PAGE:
Global Times: Military ties can shape Sino-US future

15:10, July 12, 2011      

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Top military officials from China and the US met in Beijing Monday, signaling another important step in the bilateral exchanges.

A handshake cannot hide the truth of how these militaries have studied to guard against each other.

Should even a sliver of the worst scenarios imagined actually happen, it would mean calamity for the Asia-Pacific region.

However, how to prevent this from happening is more important for the two militaries, and a key step for major powers in moving from a zero-sum game to win-win politics.

Despite suspicion and alertness, neither could form the determination to coerce the other through force. Peaceful coexistence without shunning problems is the mindset of both societies, a rarity among competing powers in the past.

The "neither friend nor foe" situation adopted by the two militaries is seen as fleeting by some. Whispers grow that a showdown is inevitable.

No doubt, the bilateral relationship is subject to many variables. Competition, either in economy or ideology, could evolve into hostility. Conflicts between China and its neighbors and the involvement of the US could turn into a China-US confrontation.

A direct military conflict would instantly disrupt the bilateral relationship. The spy plane collision over the South China Sea in 2001 stopped short of a serious military clash. Ten years ago, China was much weaker than today. The incident was soon forgotten due to the 9/11 attacks. Had the collision happened today, the consequences would be far more difficult to predict.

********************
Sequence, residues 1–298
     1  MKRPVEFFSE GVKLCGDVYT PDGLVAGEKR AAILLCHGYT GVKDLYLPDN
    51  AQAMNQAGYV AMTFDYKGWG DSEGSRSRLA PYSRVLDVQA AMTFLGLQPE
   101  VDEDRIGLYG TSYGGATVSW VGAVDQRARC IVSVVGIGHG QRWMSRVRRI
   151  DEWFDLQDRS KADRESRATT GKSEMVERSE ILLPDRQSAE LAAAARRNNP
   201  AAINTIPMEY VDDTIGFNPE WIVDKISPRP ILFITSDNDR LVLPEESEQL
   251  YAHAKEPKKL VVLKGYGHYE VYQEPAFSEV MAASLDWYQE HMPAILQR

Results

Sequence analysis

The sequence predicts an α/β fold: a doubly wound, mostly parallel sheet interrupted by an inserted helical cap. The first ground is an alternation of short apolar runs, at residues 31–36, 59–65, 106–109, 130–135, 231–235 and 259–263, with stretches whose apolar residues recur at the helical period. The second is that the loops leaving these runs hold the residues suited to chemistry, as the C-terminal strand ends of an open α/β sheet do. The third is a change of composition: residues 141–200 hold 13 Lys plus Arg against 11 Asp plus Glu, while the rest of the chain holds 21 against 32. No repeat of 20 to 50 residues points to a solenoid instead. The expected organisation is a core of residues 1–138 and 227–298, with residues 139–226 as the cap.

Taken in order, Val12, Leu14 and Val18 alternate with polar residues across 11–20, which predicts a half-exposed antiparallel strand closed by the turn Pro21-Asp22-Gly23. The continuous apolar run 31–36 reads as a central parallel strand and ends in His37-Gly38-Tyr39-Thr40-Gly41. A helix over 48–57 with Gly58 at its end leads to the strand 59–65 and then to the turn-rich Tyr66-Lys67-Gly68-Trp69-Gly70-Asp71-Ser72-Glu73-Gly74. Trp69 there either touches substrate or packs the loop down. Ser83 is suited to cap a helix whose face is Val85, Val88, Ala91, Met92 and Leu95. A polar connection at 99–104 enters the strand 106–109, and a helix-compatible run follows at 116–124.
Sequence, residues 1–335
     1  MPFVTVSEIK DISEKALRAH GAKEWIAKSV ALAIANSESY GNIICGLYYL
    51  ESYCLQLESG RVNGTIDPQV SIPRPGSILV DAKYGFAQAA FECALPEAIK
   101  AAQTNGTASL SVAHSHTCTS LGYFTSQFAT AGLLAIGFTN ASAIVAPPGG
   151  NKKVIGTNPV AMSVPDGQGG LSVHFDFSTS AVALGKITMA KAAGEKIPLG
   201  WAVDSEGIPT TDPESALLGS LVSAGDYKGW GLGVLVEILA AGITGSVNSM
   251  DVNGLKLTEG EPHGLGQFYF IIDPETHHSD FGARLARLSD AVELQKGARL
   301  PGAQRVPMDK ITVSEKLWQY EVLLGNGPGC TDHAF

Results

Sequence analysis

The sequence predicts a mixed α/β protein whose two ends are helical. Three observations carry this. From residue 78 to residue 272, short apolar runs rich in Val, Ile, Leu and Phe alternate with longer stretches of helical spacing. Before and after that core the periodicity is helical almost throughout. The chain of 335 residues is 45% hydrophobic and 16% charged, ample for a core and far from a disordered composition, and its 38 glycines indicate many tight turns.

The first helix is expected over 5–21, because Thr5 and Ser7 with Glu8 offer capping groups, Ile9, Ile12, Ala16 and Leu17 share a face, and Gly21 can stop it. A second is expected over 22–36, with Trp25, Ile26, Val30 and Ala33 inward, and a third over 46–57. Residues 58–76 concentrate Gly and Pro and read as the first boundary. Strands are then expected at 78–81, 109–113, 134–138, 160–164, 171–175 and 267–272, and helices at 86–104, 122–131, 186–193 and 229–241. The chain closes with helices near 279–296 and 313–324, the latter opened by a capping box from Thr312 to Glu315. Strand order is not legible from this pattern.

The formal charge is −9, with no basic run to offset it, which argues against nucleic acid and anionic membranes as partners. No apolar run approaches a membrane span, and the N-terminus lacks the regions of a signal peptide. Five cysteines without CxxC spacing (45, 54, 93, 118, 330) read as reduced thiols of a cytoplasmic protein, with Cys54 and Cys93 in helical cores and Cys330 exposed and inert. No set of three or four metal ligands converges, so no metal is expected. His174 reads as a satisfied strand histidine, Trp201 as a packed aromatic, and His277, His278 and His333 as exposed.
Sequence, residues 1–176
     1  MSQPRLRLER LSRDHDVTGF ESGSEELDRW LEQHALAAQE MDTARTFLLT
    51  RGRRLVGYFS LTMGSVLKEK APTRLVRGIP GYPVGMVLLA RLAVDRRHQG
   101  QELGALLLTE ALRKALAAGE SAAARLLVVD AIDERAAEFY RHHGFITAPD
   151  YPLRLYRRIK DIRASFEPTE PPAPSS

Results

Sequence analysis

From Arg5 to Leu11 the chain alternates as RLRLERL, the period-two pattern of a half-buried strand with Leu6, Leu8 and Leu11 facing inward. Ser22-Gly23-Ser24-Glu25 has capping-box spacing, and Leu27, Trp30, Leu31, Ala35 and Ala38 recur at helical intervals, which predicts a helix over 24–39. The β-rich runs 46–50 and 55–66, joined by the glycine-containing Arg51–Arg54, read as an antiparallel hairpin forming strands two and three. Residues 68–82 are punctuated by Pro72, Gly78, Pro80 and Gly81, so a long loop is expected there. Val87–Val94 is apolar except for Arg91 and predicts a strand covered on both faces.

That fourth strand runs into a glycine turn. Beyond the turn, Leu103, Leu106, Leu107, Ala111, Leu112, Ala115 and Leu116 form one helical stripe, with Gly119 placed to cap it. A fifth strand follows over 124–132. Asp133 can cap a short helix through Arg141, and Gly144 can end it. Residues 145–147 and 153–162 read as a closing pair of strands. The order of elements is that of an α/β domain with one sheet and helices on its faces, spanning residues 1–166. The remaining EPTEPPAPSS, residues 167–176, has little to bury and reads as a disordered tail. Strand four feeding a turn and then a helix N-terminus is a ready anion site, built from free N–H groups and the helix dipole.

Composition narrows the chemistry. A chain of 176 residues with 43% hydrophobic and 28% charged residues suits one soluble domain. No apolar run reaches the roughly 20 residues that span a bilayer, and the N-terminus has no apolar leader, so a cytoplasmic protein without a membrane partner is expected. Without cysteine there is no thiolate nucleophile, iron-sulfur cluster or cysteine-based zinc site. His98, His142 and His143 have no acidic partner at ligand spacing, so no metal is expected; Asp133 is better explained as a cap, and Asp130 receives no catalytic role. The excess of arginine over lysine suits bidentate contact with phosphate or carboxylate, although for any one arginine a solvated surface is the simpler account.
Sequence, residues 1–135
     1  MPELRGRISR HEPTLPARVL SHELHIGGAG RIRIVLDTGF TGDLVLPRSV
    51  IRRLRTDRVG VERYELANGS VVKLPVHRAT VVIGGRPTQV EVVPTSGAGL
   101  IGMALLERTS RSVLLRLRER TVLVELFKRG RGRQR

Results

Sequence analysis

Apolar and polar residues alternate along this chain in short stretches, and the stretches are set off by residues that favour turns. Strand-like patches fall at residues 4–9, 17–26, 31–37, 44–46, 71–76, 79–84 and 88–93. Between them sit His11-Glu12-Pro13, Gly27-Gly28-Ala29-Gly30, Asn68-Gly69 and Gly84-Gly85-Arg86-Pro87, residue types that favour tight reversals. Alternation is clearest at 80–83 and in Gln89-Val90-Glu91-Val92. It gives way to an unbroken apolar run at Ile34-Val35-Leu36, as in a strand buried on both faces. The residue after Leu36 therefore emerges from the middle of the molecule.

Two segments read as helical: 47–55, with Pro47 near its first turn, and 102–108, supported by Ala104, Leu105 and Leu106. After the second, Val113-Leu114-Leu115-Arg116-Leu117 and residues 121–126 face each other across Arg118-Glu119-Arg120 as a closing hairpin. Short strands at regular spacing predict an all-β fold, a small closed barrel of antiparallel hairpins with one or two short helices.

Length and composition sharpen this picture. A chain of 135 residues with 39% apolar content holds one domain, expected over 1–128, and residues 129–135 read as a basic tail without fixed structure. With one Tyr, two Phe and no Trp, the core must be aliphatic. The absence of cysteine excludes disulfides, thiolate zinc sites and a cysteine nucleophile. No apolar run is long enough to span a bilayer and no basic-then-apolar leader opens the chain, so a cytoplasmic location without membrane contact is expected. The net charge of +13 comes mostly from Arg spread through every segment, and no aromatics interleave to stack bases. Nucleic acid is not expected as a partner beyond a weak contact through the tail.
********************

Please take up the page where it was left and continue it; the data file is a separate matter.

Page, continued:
Public opinion on both sides favor positive military ties. Of course, if they choose conflict, there are numerous excuses. Military ties can be the defining barometer of the Sino-US relationship.

Military officials do not have to fake smiles when they meet. They can guide both the media and public opinion.

The Chinese military can make things better by being more direct, in addition to showing US counterparts around Chinese military facilities. The PLA's low-profile tradition unnecessarily compromises the intention it wants to display, and easily clashes with US curiosity.

The Chinese military is changing with the geopolitical landscape. It is also changing through more exchanges with US military officials such as US Admiral Mike Mullen.

Source: Global Times
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